Taylorsville battling growing stray cat population - wave3.com-Louisville News, Weather & Sports

Taylorsville battling growing stray cat population

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Mickey Goodlet points out the numerous cats in his neighborhood Mickey Goodlet points out the numerous cats in his neighborhood
Mayor Don Pay Mayor Don Pay

TAYLORSVILLE, KY (WAVE) - People in Taylorsville say they are fed up with unwanted stray cats, but it seems they have no choice for now but to welcome the group. Meanwhile, the mayor says the city is doing everything they can to control the problem.

Nearly 1,800 people live Taylorsville, and recently the population has been growing - the feline population that is.

Mickey Goodlet says he sees cats "everywhere I go."

Goodlet says he's not used to seeing so many cats in one town.

"I mean I've seen stray dogs in big cities," Goodlet said. "But this is a little town and there's cats galore."

There are cats running around downtown, at gas stations, and even roaming around people's homes - and cars. 

"They're all over the cars," Goodlet said. "You go up there and look at the cat crap on the hood and stuff.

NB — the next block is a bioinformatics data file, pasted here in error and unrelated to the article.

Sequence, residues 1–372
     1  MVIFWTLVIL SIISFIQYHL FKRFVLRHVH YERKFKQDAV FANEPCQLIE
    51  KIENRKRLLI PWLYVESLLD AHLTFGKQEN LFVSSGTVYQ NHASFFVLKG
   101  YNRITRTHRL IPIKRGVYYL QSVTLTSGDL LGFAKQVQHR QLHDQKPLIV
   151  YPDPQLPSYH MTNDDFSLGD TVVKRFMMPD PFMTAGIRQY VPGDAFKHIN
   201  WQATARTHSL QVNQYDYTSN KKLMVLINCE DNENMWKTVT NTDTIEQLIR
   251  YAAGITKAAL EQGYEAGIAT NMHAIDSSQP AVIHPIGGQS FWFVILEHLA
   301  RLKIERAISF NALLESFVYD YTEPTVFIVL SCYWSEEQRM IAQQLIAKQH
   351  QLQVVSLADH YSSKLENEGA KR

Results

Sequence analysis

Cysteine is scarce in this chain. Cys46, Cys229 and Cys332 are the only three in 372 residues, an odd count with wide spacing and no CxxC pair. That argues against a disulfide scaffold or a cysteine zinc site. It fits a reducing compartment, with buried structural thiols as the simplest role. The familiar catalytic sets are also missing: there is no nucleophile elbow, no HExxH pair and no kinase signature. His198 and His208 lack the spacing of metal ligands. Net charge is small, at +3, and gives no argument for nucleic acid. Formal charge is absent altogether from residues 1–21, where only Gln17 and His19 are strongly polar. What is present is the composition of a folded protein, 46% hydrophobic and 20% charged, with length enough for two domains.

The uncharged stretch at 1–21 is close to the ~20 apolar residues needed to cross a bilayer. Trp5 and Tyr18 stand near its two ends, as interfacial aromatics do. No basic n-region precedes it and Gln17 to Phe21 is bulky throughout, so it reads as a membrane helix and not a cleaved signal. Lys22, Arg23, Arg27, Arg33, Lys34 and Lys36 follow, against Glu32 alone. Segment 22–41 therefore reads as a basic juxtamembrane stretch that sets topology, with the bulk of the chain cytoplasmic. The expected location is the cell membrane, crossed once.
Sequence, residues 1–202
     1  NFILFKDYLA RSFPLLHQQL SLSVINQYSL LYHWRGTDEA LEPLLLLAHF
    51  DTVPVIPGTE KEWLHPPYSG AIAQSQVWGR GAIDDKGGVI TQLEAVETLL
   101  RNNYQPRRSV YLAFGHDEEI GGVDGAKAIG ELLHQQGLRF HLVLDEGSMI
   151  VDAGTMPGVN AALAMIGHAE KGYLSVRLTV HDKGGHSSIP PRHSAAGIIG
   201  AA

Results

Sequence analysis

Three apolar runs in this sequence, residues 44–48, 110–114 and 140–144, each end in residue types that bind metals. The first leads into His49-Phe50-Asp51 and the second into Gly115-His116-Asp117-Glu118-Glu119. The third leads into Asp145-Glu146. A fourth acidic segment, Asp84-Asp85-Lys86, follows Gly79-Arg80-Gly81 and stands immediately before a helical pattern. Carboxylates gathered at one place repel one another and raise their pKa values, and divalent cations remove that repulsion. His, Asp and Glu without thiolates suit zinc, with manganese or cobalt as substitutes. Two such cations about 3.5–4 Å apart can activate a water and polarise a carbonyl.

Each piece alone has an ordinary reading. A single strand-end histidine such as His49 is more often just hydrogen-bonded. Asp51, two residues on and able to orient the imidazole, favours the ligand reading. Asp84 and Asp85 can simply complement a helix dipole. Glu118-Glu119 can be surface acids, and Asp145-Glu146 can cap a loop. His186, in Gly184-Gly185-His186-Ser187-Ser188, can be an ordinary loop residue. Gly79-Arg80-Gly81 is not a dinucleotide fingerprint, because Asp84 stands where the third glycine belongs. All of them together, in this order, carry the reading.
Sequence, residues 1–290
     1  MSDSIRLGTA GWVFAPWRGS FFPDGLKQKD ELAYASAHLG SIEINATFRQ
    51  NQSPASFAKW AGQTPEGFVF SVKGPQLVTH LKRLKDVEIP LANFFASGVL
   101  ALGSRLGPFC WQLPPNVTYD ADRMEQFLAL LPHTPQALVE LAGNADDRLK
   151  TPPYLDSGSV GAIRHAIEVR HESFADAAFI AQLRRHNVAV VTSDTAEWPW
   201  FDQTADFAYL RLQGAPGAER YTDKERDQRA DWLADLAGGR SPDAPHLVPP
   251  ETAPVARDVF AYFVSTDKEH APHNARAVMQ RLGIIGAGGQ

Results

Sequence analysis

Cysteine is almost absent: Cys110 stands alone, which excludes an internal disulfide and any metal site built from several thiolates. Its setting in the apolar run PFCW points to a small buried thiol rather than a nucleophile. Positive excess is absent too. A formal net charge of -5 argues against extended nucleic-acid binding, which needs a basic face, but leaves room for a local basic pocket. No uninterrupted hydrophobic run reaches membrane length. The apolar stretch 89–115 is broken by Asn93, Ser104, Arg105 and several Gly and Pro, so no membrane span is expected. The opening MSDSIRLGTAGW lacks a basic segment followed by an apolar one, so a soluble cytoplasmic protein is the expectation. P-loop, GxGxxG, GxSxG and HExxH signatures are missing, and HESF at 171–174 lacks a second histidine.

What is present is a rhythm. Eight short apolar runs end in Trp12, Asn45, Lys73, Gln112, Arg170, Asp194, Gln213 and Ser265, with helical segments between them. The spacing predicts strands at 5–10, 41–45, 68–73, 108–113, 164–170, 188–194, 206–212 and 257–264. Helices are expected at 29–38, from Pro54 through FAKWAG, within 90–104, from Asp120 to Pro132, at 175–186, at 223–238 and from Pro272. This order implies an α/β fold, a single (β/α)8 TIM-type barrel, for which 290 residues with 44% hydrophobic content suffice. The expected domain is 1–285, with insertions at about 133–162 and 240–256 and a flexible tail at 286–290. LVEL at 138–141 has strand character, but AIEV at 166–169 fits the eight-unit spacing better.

Goodlett's neighbor, Tabitha Nation couldn't help but chime-in on the cat troubles.

There's a bunch of cat prints there," Nation said. "They go up and down the car. Paw prints everywhere. You call and they do not do nothing about it."

Mayor Don Pay says he has heard the complaint and is aware of the problem, and believes it isn't isolated to Taylorsville. 

"The issue we have in Taylorsville and Spencer County is that our Humane Society contract only deals with dogs, so it doesn't have any provisions in there for the cat overpopulation problem," Pay said.

For that reason, he says city officials will round up the cats, take them to Louisville and work with Alley Cats Advocates to get them spayed and neutered - then bring them back home.

Pay, who is a cat lover himself, has a sense of humor about the whole thing, saying the mice population is down, but he hopes more can be done. 

Even Goodlet is willing to help the cats even though they can be a nuisance.

"I feed them - you got to - they're starving," Goodlet said. "That's all I can do. Can't take them in the house."

Mayor Pay says the cats have been a growing problem for several years, but thinks they're making progress in tackling it. Pay says they've spayed and neutered at least 100 cats and still have about 200-300 to go. He believes those efforts will eventually help lower the stray cat population.

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